For Immediate Release
Contact: Kim Schmelz, External Relations & Alumni Development
Mail: 1800 Bronson Blvd., Fennimore, WI 53809
Date: March 1, 2019
Alumna credits Southwest Tech for belief in paying it forwardFennimore -
Debbie Kent Johnson started school at Southwest Tech in 1981 when she was a 21-year-old, recently divorced, single mom. Johnson said it was her attorney that encouraged her to go back to school and even bought her books for the entrance exam so that she could get started at Southwest Tech in the Medical Office Aide program. “Attending Southwest Tech was a game changer in my life and I will always be grateful for the foundation it provided,” said Johnson.
Johnson talked about the impact her instructors had on her life. “Rita Renke believed in me and told me I could do this. Reflecting on my 21-year-old self, I identify the obstacles that had me stuck, early trauma, low self-esteem with little resources. Clarity is hard to perceive when you are in the eye of the storm with no map to navigate. Southwest Tech staff not only provided me with the map, they explained it in a way I understood and encouraged me to take the next step. The instructors believed in me, truly cared about me until I started little by little believing and caring about myself. Let’s face it, no one really cares what you know until they know you care.”
Johnson graduated as a Licensed Practical Nurse, she remarried, raised three children, retired after working 30 years in the field. After retirement, she started volunteering at the Good Neighbor Clinic, a free clinic in Sauk Prairie, Wisconsin. In 2014, she was instrumental in the development of the Sauk Prairie Community Activated Recovery Enhancement (CARE) program, a program funded by St Vincent de Paul of Sauk Prairie. CARE is an integrated system putting each individual at the center of their treatment, which empowers the individual to make better life choices. She accepted the position of Clinic Coordinator/Recovery Coach of the CARE program. In 2015, Johnson’s mission of assisting individuals to recovery went from professional to personal when one of her children was diagnosed with addiction. When her child went to detox, Johnson was encouraged to start going to Al-Anon as a place to find support. She became very involved and now runs the Sauk City Al-Anon program.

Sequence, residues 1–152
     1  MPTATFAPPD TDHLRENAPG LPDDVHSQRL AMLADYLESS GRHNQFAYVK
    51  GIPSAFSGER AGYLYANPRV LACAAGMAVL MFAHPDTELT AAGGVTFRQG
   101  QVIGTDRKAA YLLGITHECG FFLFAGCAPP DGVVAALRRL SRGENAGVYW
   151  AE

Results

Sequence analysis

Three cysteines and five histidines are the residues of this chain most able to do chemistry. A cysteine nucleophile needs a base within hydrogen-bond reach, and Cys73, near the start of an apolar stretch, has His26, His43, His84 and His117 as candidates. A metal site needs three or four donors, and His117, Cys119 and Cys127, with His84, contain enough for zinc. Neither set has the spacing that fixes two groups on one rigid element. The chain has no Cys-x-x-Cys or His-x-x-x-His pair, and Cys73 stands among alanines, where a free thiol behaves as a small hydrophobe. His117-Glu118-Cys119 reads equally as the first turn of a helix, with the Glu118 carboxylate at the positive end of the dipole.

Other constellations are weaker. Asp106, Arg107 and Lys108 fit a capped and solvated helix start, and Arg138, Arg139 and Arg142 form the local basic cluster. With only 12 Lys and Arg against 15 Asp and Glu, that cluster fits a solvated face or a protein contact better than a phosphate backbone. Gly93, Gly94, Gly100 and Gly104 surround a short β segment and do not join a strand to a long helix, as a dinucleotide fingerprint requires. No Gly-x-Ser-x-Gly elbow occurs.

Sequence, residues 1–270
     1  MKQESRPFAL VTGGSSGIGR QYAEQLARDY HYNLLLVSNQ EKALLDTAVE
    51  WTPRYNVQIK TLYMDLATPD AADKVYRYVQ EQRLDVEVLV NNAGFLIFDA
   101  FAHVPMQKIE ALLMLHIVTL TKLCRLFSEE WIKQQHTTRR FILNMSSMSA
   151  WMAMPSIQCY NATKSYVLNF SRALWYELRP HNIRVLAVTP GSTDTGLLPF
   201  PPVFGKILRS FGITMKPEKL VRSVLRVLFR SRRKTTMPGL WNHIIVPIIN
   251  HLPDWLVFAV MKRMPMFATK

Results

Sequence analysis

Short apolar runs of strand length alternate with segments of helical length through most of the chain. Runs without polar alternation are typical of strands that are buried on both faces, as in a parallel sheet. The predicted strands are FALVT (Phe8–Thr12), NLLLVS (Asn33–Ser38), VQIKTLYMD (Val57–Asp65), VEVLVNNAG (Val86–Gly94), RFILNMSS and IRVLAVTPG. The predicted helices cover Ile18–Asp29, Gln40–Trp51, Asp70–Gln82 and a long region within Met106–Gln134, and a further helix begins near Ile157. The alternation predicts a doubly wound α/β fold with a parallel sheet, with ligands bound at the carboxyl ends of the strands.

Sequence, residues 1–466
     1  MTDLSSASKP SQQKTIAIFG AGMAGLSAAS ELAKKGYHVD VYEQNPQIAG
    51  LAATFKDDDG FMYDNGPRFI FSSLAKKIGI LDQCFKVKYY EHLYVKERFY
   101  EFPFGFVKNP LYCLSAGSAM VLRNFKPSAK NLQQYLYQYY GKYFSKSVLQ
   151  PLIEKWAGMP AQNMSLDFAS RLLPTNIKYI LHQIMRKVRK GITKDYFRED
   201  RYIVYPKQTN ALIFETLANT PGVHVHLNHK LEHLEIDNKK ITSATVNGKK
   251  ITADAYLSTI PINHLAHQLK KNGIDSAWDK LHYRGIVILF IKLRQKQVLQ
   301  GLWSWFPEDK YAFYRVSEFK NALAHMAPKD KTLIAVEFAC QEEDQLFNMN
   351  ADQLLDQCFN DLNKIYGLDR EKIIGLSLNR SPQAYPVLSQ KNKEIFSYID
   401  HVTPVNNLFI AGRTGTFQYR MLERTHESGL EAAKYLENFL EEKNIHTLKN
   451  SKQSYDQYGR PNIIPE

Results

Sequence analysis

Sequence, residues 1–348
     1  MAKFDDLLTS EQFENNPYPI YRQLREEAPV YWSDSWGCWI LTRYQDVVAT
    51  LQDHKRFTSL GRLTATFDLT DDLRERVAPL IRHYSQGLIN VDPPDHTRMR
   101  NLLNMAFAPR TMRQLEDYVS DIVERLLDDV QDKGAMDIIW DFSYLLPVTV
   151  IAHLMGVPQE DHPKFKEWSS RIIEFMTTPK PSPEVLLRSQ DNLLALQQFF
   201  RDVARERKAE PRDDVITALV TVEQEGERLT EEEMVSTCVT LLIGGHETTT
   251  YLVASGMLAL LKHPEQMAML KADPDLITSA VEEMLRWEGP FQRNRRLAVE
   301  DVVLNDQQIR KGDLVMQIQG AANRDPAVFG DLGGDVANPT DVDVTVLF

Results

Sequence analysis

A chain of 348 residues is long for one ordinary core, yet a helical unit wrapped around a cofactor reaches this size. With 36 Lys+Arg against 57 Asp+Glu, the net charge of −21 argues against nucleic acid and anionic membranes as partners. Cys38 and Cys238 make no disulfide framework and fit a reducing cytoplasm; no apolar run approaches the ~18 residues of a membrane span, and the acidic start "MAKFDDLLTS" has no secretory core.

Johnson and her colleague, Joan Mack R.N have helped over 400 people get into a recovery program. They started with a recovery plan for the incarcerated individuals to cut down on the recidivism. Sauk County was awarded a $3 million grant based on the success of the CARE program. Mack was appointed to the Governor’s Task Force on Opioid Abuse in 2016 and together, her and Johnson have worked tirelessly with insurance agents and healthcare personnel to ensure that treatment is funded by insurance plans. Johnson said they were reminded daily of the criteria insurance companies developed that placed barriers to treatment and worked with law makers to address and change policies thus treating addiction like any other disease.
Johnson said she continuously tells her clients what she was told as a student at Southwest Tech. “I was told I could achieve my dreams, that I was worth it and that I was not alone. I believe rescued people rescue people and it is such a gift to pay it forward and watch the transformation of lives. Southwest Tech is such a gift to that area, it truly transforms lives.”